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Prime Minister Gonsalves defends decision to lend Grenada EC$5m

Prime Minister Gonsalves defends decision to lend Grenada EC$5m

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Prime Minister Dr Ralph Gonsalves has defended his decision to lend the government of Grenada EC$5 million.{{more}}

According to Gonsalves, this country assisted Grenada with the money in December 2011, when that country experienced a shortfall in meeting its recurrent expenditure.

That amount was replenished, the prime minister said, but a subsequent request was made by Grenada for an amount of $4.5 million in July this year. The second sum, the prime minister said, should be repaid by the end of next month.

“It’s not money I take up here and send to them,” Gonsalves explained.

He said that this country and Grenada both belong to the Eastern Caribbean Currency Union (ECCU) and that there is a sum of money available to every country in the Union at the Eastern Caribbean Central Bank (ECCB).

“I am sure if we were in difficulty and ask anyone if we can draw from their available sum that they would allow me to,” the prime minister explained.

He said he authorized the Director General of Finance and Planning to instruct the ECCB to provide Grenada with the money requested from the funds St Vincent and the Grenadines had available in its fiscal tranche at the ECCB.

He further explained that this type of arrangement has gone on among members of the Currency Union, but it has never been brought out in the public.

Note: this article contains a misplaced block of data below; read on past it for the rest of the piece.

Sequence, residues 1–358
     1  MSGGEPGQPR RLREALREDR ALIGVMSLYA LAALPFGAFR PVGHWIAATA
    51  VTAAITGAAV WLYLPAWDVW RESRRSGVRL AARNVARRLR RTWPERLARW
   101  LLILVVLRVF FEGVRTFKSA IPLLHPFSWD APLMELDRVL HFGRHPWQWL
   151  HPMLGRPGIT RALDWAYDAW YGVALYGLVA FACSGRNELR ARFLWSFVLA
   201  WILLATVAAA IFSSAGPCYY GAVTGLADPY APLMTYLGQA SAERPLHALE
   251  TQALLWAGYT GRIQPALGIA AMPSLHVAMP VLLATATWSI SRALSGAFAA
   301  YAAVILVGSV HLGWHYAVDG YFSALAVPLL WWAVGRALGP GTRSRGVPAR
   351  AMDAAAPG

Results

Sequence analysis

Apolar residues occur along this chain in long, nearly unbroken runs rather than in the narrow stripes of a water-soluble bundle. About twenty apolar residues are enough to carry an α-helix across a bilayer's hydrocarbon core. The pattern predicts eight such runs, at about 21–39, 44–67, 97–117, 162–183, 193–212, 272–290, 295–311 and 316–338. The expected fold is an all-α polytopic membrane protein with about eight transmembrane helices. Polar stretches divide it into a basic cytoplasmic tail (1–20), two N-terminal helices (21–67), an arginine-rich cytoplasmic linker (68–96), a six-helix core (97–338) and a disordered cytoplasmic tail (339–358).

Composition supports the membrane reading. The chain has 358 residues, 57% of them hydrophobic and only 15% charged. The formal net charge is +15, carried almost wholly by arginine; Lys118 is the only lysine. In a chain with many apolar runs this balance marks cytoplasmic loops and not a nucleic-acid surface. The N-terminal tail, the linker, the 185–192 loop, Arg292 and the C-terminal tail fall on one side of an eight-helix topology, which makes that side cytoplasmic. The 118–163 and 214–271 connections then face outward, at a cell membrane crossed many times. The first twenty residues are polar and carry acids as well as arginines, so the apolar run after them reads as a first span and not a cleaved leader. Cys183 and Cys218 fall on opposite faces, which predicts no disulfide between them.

He said he is only speaking on the matter now, since it was raised by the PSU and he was asked for an explanation by the media.

“We have to be our brother’s keeper,” he said, adding that although St Vincent and the Grenadines had made the facility available to more than one country since he has been prime minister, he had never utilized the funds of another country.”

The issue was raised by President of the Public Service Union (PSU), who said that the prime minister had indicated to them that he could not facilitate the payment of the additional three per cent salary increase to public sector workers, because there was a request from Grenada for some assistance.

According to Vanloo, the membership present at a meeting with the prime minister on July 22 did not take to well the news that this country was willing to lend money at a time when its workers were not being compensated.

“How could you be living rich and crying poor?” Vanloo questioned.

“You have enough money to lend another country to pay their public servants, but denying yours and saying to the unions that you can’t pay yet?”

“That is untenable,” the PSU’s president said. (DD)

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